Senator pushing to build more WA police academies ‘totally optimistic’ about next gen of sworn officers
Jul 25, 2022, 4:24 PM
John Lovick (D), a representative for the state’s 44th district, is initiating a proposal to create four new police training academies to help tackle state police shortage.
“My proposal is to have a training academy in Pasco. I toured the facility two weeks ago, great location, and to have one in Vancouver, Everett, and Bellingham,” said Lovick on the Gee and Ursula Show. “So local candidates can go just like they’re going to college every day. They can go train all day, come home at night, go back and finish and then serve. Very, very simple. But it’s going to be very complicated, because we have a lot of work to do to make this happen.”
This follows Gov. Jay Inslee’s announcement to create new campuses so cops aren’t forced to take 19 weeks of classes far from home.
Lovick, who served as a state trooper for 31 years before being elected to the statehouse in 1998, didn’t provide a cost estimate for the plan, but said the state needs to make the investment regardless of the price.
“This regional solution will expand access to law enforcement careers and will help train local law enforcement professionals who know the areas they serve. I’ve seen many times the difference that makes in protecting communities,” Lovick said. “I’m totally optimistic the investments that we make with this proposal will get the next generation of law enforcement professionals to step up and serve.”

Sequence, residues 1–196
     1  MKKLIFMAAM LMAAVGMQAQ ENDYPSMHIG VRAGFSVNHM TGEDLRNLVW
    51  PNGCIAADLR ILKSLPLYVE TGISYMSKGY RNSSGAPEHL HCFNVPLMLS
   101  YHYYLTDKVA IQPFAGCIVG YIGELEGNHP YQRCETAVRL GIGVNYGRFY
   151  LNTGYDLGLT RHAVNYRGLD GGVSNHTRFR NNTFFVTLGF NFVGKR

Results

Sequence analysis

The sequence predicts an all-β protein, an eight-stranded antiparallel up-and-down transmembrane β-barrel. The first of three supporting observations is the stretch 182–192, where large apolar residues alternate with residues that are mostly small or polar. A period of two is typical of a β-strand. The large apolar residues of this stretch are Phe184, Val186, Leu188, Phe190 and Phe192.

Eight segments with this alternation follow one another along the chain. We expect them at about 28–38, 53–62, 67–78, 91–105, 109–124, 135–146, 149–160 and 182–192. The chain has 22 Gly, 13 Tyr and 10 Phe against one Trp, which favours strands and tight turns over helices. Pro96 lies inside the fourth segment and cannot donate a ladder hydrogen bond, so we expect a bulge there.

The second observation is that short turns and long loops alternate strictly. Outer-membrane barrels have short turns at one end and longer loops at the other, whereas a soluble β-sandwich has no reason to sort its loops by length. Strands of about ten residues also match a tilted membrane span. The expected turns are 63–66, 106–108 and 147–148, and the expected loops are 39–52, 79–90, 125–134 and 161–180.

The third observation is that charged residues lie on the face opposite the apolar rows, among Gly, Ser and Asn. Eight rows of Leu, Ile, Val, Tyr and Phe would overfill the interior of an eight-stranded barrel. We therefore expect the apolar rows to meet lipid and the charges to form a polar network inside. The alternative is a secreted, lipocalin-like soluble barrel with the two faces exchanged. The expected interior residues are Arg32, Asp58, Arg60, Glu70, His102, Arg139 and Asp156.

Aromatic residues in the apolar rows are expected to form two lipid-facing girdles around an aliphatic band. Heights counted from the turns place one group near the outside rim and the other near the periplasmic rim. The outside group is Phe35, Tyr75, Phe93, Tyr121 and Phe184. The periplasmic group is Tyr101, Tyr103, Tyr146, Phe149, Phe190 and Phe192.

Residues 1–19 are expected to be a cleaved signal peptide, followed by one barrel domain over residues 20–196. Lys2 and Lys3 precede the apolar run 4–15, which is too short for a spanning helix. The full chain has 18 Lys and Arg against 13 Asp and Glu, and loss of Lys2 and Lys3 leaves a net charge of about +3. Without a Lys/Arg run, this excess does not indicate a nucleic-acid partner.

The state lost 495 officers to retirements or resignations last year, according to the Washington Association of Sheriffs and Police Chiefs.
“Anytime there is diversity in a community, you would have members serving a community that understand the issues more and a lot better,” Lovick said. “I’m very confident that that is going to happen.”
In the entire state, approximately 90% of new police recruits receive training in Burien.
“Actually there’s a small academy in Spokane and then there’s the State Patrol academy that primarily trains state troopers down in Shelton, but you’re absolutely right,” Lovick said. “We need more regional campuses in our state. Once I get on something, I’m going to focus like a laser. This is going to happen, because it’s time for us to have more facilities so we can train more police officers that can go back and serve in the communities they know.”
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